Competitive Archery – Carpal Tunnel Syndrome (Pain)(Strain)(Injuries)(Posture)(Psychology)(Alexander Technique)(Albuquerque)

by ethankind on May 4, 2012

This ebook, An Alexander Technique Approach to Competitive Archery, is published on this website in a PDF format. It is very detailed and practical, and it will give you the physical tools you need to take the limits off of your ability to create an extraordinarily accurate archery technique.
This ebook is also for sale on all AMAZON websites in a KINDLE format.
Located in Albuquerque, New Mexico, U.S.A.

When I was practicing six hours a day, seven days a week, to become a concert guitarist at the Royal College of Music in London in the early seventies, I developed carpal tunnel syndrome in my left wrist. I went to an Alexander Technique teacher, and within few months I was able to practice as much as I wanted without pain, and I’ve never suffered from carpal tunnel syndrome since.

What was it that the Alexander Technique teacher taught me that got me out of physical trouble permanently? I was taught how to press the strings with the minimum strength necessary, to find the most mechanically advantageous hand position in relationship to the string and guitar neck, and to press the strings without immobilizing my wrist, elbow, and shoulder.

I’ve applied the above principles in my ebook on archery. If the hands are in a mechanically advantageous relationship to the bow, and you draw the bow with released dynamic wrists and grip, then you will be on your way to healing your carpal tunnel syndrome.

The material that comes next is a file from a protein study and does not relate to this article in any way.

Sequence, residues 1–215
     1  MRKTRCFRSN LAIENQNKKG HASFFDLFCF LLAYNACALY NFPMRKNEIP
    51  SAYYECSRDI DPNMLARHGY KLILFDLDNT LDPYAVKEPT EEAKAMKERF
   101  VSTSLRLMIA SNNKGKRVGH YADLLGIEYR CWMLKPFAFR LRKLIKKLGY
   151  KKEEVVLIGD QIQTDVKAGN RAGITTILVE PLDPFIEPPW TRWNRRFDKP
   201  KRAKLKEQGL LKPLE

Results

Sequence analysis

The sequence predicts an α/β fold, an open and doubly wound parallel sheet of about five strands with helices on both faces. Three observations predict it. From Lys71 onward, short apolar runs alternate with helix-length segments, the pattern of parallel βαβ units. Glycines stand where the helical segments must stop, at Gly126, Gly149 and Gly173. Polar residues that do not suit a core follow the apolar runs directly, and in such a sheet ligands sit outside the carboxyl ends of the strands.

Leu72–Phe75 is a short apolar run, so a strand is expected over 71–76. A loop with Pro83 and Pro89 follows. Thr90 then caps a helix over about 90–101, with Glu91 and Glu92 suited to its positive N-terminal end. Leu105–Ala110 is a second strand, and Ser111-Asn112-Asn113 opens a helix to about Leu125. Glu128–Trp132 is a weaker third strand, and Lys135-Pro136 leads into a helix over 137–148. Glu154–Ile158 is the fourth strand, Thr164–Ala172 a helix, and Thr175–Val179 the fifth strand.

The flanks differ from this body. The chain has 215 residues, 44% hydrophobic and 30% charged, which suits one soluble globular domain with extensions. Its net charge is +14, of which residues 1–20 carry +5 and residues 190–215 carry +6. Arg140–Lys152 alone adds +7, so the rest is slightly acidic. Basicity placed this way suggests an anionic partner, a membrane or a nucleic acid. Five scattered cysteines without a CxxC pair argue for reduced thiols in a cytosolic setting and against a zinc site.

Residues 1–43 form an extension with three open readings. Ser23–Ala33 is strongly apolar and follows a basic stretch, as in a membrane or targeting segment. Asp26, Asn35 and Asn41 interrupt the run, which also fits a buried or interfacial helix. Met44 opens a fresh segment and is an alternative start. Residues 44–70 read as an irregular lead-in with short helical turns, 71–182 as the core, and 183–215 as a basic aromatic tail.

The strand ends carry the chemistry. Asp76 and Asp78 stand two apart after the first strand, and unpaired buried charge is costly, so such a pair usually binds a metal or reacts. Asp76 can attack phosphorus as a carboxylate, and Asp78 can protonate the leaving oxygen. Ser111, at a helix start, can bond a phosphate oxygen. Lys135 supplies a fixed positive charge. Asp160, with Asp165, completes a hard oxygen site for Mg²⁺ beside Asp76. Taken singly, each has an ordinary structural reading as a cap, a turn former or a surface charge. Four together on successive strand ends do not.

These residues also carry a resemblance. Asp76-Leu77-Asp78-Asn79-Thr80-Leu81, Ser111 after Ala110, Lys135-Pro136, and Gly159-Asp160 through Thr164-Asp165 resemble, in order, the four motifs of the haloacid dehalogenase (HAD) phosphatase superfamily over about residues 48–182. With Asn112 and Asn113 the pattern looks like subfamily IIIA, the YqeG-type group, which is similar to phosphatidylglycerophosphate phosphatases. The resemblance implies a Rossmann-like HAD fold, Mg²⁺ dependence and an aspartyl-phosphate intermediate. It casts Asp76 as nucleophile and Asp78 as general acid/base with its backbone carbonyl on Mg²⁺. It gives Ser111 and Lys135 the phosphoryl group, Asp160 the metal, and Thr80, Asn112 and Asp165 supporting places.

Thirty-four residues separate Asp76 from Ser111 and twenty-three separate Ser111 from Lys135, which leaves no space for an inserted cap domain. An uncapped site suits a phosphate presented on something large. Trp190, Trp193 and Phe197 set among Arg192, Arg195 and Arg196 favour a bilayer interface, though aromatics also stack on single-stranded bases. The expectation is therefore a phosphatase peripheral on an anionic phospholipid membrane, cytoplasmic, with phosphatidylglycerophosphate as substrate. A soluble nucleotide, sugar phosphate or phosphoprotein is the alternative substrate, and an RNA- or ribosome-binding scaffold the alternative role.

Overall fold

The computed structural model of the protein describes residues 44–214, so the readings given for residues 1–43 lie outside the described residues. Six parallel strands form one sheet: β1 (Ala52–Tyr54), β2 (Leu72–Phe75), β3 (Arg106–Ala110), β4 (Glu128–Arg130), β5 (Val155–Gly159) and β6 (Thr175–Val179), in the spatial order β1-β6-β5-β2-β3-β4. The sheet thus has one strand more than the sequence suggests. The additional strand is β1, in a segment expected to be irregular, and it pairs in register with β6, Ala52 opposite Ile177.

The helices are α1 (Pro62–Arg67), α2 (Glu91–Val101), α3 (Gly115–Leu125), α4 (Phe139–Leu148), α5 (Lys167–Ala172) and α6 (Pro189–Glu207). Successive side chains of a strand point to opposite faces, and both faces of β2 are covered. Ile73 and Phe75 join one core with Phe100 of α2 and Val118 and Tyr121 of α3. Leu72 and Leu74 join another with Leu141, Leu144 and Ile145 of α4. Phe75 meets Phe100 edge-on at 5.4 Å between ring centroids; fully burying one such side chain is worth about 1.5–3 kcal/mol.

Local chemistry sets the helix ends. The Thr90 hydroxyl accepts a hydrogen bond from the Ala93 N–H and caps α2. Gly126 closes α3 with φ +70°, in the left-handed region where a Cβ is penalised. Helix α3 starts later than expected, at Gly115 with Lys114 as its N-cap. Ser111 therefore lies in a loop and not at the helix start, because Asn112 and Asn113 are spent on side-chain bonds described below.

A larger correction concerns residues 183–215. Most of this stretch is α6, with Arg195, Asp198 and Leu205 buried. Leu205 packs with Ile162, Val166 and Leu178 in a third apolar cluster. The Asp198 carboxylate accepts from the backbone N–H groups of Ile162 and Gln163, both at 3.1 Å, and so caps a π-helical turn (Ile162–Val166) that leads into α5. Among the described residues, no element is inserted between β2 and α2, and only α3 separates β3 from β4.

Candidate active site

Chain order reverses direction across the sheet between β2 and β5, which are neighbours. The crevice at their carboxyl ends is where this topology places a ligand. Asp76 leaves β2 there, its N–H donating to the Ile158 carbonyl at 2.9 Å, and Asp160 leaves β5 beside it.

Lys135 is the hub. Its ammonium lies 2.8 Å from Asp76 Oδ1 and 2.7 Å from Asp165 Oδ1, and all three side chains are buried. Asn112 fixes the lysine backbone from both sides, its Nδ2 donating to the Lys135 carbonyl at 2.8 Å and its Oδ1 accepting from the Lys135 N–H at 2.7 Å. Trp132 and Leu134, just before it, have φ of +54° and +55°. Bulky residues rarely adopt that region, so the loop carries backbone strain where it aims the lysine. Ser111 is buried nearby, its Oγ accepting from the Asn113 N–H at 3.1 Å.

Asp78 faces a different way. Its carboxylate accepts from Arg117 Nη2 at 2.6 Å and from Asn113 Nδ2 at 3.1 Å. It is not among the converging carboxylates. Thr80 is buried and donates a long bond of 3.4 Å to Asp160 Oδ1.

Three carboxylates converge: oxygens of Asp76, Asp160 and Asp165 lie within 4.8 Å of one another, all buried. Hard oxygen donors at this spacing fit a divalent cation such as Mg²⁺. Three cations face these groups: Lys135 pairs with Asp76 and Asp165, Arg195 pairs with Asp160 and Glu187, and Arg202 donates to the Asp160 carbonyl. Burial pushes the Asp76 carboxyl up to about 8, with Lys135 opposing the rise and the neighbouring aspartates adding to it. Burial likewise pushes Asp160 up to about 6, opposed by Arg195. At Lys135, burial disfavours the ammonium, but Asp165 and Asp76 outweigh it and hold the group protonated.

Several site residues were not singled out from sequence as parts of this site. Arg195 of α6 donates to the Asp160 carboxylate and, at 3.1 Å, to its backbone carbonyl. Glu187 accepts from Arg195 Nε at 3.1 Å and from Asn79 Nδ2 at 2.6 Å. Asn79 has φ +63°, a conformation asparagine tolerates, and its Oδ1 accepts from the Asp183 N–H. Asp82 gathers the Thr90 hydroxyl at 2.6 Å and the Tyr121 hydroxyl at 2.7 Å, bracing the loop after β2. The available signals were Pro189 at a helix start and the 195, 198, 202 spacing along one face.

As an archer, you want to support your wrists with powerful decompressed forearms, upper arms, and shoulders. Then you can draw the bow with arms, hands, and fingers that are not hurting from the pressure. Then, when you release the bow, with mobile dynamic wrists, you aren’t damaging the bones of the wrist and causing carpal tunnel syndrome.

Let me explain. If you’ve learned to hold/squeeze the bow and draw string with a static held body and arm positions, then as you continuously change the relationship of the hands to the forearms with held immobilized tension, you’re forcing the bones of the wrists to grind against each other.

Simply, tense muscles force bones together and cause 100% unnecessary wear and tear throughout the whole body.

Why do archers use too much muscle to shoot the arrow? It is to prevent mistakes. It is using physical negative reinforcement to shoot the arrow with accuracy. So, when you are competing, you may become fairly accurate by using excessive tension to minimize the number of mistakes you make, but you are damaging your body.

Then, you seek out an Alexander Technique teacher who shows you that you can be extraordinarily accurate, if you release all of your excess tension, use balanced posture, and trust your hands and fingers wrapped/lengthening around the bow to place the arrow.

I want to say something here about injuries being inevitable in repetitive activities that require precision. They are not, but by the time a archer comes to an Alexander Technique teacher with carpal tunnel syndrome from archery, the archer has lived with a powerful belief system that says injuries are inevitable in the sport.

I show archers how to get out of physical trouble, and I also ask them to simultaneously question all of the negative beliefs they have about archery causing harm to the body. I then ask them to consider giving up all of the beliefs that guarantee they will eventually get injured in archery.

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